So we arrived in 2017 and the first thing we learned is that nothing has changed. At least when it comes to discrimination of female bodies and their reception in public.

All the talk about liberating women from that pressure to have a perfect (=skinny, firm) body is not more than superficial marketing blabla.

Sabine Kühnl, editor-in-chief
Photo: SI
Sabine Kühnl, editor-in-chief

At least that's my conclusion after the reactions to our current issue: Never ever before has a cover of SPORTSWEAR INTERNATIONAL caused a bigger stir than the one for our so-called Girl Issue.

It features non-skinny top model Barbie Ferreira - a social media star, not only in the plus size community - to represent a trend that we see becoming bigger and bigger: the self confidence of showing off your body no matter what it looks like aka #nobodyshame.

While acknowledged celebs such as Lena Dunham, Amy Schumer or even sisters Kim and Khloé Kardashian (the latter being successful with her recently launched "all sizes" denim line Good American) play and promote their curves that are obviously beyond usual top model measurements and help to encourage women feel more comfortable with themselves, reality just bit us and made us realize that at least in the fashion community the image of a girl with a bigger butt and a belly is still a no-go: a trade show representative made us understand that they do not want the motive of "a big bootie" at their event, the management of an actress, being testimonial of a fashion brand, told us that it does not want its client to be shown in connection with a plus-size person - that's just some of the reactions.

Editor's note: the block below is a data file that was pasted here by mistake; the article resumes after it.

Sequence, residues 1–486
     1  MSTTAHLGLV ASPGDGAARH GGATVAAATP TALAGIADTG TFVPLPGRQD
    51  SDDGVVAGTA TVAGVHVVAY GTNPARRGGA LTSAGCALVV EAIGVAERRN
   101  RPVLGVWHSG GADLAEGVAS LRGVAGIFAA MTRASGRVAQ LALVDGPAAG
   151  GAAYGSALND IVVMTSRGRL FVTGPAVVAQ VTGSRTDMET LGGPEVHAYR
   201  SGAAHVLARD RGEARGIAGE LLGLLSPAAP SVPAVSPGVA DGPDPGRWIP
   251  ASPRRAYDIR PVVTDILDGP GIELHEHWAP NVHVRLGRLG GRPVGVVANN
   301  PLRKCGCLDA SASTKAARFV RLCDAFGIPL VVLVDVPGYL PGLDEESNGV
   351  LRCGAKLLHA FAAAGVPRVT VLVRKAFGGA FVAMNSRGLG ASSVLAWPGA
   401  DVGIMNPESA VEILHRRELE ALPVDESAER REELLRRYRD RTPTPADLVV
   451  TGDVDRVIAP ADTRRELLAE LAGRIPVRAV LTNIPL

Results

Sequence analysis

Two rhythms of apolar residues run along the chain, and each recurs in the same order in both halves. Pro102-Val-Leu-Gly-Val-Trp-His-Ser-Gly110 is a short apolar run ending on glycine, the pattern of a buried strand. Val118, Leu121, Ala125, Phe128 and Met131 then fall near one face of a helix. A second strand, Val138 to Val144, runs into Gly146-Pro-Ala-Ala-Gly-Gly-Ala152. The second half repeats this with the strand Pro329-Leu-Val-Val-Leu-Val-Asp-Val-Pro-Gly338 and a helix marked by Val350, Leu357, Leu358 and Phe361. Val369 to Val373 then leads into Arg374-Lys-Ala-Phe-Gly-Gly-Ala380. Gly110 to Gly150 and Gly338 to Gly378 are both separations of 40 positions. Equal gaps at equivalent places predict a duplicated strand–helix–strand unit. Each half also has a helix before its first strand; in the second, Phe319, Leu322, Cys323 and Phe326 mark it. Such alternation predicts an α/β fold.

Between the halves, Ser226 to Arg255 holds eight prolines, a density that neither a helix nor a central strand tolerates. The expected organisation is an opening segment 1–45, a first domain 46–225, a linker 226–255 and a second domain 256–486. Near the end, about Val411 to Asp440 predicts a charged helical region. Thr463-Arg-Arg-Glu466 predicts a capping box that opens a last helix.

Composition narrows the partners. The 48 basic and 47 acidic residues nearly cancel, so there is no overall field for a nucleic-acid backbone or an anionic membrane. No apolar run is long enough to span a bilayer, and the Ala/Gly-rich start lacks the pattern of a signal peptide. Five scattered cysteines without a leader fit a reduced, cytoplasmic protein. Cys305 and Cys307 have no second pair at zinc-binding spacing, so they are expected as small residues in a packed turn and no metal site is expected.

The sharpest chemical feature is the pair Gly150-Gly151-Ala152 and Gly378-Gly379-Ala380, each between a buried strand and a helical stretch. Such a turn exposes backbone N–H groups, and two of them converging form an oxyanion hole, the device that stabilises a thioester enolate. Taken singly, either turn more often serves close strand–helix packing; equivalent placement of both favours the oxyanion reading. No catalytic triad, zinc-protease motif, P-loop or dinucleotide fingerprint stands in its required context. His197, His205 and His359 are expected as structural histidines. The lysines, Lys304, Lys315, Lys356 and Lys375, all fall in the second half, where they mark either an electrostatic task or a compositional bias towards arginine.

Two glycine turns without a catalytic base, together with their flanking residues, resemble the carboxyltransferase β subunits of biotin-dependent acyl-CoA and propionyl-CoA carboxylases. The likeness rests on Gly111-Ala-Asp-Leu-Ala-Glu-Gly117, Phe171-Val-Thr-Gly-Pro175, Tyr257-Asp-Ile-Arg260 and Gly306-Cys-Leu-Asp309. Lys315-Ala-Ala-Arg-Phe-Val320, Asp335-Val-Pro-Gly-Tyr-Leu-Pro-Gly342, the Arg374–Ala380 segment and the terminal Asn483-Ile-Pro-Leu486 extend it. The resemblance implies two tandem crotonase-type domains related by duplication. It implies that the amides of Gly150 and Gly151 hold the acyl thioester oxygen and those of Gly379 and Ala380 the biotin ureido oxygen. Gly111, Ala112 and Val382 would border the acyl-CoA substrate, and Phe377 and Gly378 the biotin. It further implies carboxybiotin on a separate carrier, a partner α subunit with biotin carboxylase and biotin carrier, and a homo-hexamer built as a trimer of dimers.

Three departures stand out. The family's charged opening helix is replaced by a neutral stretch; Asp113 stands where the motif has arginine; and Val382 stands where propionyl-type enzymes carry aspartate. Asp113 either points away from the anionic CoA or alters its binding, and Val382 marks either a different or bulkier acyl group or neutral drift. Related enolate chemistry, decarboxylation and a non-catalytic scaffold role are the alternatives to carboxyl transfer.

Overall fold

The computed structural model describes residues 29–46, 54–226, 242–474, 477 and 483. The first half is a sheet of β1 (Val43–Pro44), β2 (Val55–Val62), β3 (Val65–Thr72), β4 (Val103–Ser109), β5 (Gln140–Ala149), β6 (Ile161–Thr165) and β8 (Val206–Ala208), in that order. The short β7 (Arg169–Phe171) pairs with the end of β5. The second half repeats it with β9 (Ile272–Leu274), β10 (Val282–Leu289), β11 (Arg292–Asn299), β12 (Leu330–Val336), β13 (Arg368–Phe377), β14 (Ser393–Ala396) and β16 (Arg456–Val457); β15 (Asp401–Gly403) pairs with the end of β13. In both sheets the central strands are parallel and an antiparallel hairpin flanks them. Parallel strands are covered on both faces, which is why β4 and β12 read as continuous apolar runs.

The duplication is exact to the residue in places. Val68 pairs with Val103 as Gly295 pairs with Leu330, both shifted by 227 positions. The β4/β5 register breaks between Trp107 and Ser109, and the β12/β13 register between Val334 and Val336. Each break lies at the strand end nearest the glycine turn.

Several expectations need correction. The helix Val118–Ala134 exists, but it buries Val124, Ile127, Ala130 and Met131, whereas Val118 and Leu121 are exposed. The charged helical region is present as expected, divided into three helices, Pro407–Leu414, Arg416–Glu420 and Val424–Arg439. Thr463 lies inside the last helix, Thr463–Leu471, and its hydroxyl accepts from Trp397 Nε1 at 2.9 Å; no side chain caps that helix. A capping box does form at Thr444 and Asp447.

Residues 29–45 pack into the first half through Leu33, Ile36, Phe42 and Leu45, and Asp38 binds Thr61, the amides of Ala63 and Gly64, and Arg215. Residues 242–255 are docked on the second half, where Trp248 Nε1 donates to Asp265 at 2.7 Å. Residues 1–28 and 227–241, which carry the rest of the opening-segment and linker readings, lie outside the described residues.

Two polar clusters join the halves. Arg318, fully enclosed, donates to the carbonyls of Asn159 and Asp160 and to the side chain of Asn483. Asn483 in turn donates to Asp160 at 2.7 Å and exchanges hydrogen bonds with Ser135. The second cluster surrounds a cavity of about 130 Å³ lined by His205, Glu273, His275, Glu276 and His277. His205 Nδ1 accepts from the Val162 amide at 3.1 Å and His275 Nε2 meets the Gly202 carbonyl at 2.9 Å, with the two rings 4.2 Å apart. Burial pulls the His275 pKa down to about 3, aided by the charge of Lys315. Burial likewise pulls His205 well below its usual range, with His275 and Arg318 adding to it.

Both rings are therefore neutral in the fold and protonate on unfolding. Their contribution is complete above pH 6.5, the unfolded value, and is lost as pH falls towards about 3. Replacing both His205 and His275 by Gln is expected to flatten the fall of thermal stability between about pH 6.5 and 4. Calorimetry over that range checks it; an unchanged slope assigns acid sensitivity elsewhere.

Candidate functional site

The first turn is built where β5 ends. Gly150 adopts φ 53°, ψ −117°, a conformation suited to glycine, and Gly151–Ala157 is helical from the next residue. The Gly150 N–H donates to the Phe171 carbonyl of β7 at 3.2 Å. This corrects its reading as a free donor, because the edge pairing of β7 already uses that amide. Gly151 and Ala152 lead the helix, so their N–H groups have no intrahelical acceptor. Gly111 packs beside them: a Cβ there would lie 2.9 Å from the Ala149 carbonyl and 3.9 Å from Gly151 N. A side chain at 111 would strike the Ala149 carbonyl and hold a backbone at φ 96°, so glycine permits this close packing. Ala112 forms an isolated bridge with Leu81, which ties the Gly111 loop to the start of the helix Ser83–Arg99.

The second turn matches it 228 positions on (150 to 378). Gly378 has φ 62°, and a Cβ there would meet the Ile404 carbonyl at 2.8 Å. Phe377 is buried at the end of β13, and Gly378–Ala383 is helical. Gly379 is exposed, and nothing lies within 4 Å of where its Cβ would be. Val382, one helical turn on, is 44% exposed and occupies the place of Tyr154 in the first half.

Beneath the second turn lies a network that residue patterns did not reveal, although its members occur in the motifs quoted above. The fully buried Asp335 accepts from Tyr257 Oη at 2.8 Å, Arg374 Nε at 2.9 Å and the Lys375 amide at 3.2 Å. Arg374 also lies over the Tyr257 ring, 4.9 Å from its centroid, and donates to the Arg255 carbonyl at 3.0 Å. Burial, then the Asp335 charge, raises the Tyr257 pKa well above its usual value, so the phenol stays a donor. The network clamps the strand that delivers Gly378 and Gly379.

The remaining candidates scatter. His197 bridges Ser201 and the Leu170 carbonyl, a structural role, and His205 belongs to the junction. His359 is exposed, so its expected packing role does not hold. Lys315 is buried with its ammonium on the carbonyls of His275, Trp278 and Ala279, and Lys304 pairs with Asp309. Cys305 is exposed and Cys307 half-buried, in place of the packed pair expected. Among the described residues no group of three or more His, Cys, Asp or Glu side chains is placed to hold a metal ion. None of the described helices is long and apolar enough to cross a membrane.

Yes, beauty lies in the eye of the beholder, tastes are different, but to see what exaggerated negative reactions are provoked by showing a bigger body just the way it is and not make a plus-size look as a small-size, made especially the females in our team realize how disrespectful our business treats the non-conformists. How bigoted. How small-minded. ...and not really business-minded, given that the much bigger part of (female) consumers wears rather a size Large than an X-Small. 

In a time where billion dollar companies such as technology big player Siemens have long said goodbye to chosing their elite staff by criteria such as skin color, gender and looks in general, it is pure anachronism the fashion industry is ruled by. This is not just sad in itself, it's simply acting carelessly.  

*lyrics from Nicki Minaj's song "Anaconda"